4. Click on the outer keyhole field/group
  5. Right-click on the outer keyhole field/group and select "Format Shape"Format Shape" menu
  6. Click on "Fill" in the list on the left side of the "Format Shape" menu
  7. Click on "Picture or texture fill"
  8. Click on "Clipboard" under "Insert from:"
  9. The photograph will be imported into the outer keyhole field/group.

The next set of instructions are to import the missing part of the photograph into the keyhole cutout graphic. You may not wish to use the keyhole cutout, in which case you can just delete it. If you choose to format it, follow these steps:

  1. Send the outer keyhole graphic to the back – this will make the duplicate photograph that you created in step 2 of the above instructions visible. The keyhole cutout should also be visible and on top of the duplicate photograph.
  2. Click on the duplicate photograph and crop it to the exact size of the keyhole cutout. You may wish to turn on the "Snap objects to other objects" in the "Grid and Guides" menu.
  3. After you crop the photograph and while it is still selected, cut it (Ctrl x) so that it goes into your clipboard
  4. Right-click on the keyhole cutout and select "Format Shape"Format Shape" menu
  5. Click on "Fill" in the list on the left side of the "Format Shape" menu
  6. Click on "Picture or texture fill"
  7. Click on "Clipboard" under "Insert from:"
  8. The photograph will be imported into the keyhole cutout.

If these steps are done with precision, the two keyhole graphic fields will match perfectly and a seamless appearance of the photograph will result. At this point you can resize/rescale the second photograph you wish to use and place it behind both of the keyhole graphic fields. At this point you will be ready to add your animation reveals.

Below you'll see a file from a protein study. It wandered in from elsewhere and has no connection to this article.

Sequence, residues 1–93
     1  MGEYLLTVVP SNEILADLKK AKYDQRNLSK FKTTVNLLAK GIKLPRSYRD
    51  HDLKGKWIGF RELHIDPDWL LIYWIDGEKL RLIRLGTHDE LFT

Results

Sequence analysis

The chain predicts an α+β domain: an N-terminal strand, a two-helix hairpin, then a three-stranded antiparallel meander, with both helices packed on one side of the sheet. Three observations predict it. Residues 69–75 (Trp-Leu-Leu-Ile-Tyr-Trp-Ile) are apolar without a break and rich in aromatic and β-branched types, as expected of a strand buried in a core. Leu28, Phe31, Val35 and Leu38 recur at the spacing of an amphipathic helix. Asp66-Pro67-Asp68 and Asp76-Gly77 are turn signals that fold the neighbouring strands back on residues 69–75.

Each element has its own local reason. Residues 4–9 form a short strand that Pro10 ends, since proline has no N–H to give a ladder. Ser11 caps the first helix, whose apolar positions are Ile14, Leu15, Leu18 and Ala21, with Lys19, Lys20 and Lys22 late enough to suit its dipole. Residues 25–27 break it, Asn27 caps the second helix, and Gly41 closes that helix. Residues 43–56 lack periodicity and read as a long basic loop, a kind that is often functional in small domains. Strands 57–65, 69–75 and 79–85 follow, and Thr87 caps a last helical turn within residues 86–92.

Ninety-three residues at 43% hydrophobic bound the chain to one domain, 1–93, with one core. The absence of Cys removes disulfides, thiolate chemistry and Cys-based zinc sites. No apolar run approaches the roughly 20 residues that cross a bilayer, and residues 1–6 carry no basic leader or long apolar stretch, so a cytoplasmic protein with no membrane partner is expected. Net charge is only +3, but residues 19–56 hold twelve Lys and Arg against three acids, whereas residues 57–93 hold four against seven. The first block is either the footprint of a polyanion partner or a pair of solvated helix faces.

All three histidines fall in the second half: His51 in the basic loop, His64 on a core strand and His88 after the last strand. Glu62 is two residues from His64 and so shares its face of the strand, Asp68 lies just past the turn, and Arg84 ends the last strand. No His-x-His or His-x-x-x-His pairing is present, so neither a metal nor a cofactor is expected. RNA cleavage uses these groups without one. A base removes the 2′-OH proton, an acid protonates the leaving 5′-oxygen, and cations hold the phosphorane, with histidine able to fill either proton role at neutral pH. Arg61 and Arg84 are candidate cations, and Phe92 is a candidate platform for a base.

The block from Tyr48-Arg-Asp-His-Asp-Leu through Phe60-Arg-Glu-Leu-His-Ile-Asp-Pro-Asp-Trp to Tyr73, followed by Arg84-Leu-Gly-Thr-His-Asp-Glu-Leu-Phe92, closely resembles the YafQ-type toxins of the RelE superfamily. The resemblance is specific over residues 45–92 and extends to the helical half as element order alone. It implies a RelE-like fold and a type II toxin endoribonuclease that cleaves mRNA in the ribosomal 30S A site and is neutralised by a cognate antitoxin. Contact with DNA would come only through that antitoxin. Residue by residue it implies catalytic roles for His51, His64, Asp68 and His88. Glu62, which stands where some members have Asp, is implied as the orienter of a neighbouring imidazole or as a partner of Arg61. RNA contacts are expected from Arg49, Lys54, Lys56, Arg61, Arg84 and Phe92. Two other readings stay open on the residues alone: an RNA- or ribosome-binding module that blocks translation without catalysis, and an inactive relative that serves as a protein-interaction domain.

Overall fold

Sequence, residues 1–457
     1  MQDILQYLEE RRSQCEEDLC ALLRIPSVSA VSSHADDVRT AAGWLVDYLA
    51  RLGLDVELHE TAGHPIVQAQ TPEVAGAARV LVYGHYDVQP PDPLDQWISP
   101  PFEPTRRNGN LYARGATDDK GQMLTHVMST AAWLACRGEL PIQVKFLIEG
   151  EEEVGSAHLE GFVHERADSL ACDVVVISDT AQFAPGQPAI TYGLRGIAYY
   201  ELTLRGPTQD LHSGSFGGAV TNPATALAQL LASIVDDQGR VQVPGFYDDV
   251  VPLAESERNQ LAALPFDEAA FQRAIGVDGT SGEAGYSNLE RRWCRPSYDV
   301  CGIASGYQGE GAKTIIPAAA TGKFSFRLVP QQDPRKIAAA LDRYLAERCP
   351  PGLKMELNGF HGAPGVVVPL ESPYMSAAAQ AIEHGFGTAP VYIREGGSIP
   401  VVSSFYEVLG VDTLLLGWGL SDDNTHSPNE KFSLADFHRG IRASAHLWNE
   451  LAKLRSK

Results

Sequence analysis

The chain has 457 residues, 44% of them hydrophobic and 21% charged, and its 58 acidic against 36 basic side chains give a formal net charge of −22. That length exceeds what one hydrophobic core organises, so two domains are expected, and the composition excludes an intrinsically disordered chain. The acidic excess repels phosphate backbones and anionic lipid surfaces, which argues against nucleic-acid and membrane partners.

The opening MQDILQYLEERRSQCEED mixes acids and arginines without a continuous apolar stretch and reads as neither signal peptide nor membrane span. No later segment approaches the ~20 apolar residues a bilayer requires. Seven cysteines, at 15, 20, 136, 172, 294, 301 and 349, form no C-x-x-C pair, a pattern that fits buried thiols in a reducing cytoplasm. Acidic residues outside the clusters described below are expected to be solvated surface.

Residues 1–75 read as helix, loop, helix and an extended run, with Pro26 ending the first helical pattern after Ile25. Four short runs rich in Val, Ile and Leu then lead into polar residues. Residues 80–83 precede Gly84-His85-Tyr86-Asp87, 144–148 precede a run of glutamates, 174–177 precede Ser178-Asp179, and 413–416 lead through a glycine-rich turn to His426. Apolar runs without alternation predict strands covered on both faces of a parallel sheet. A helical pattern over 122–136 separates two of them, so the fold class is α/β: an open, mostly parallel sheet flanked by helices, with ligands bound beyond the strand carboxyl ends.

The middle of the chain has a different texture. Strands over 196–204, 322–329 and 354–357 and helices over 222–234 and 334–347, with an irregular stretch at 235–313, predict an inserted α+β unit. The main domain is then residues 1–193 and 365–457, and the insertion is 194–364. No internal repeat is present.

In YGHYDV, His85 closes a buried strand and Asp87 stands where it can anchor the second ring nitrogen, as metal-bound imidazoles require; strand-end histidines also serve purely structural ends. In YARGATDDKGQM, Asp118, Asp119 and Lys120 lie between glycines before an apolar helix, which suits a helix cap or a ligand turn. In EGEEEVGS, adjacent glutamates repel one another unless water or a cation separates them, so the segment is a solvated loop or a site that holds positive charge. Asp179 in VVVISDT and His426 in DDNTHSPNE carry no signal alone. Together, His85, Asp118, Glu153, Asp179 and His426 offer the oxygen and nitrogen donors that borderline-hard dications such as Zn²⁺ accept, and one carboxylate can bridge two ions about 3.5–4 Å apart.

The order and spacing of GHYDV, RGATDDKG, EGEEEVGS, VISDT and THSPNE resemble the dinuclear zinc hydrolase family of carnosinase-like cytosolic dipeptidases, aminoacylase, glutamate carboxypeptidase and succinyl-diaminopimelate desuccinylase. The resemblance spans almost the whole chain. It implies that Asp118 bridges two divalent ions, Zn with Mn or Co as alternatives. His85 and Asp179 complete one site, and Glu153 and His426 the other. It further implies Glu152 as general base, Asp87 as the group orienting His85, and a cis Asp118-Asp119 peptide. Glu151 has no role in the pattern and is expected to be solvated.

Instead of using a photograph, consider using your background. That way it will appear as if the keyhole looks behind your presentation to the inner workings, etc. Format the two keyhole graphic fields as described in the two sets of instructions above. You're simply substituting the first photograph with your template background. If the design elements are separate than your background, go into your slide master and copy the design elements on top of the background image you're formatting as a keyhole. Then layer all of the text on top of everything.


Animations

There are several ways you might consider animating the keyhole to reveal what's "inside." Take a look at the animated example and the video for an idea of what you might want to do. Simple sequential fades might work as well. Review the animation scheme of the animated example. It is better to see the formatting than to describe it.

 

Series that relate to this tutorial:

CN024 – Concept 024 – Keyhole

Possible use example

Links to instructions for getting the framework into your presentation

  1. Determine the best file type for your needs
  2. Download the file
  3. Import the framework into your presentation
    1. Importing a PPT file
    2. Importing a EMF or PNG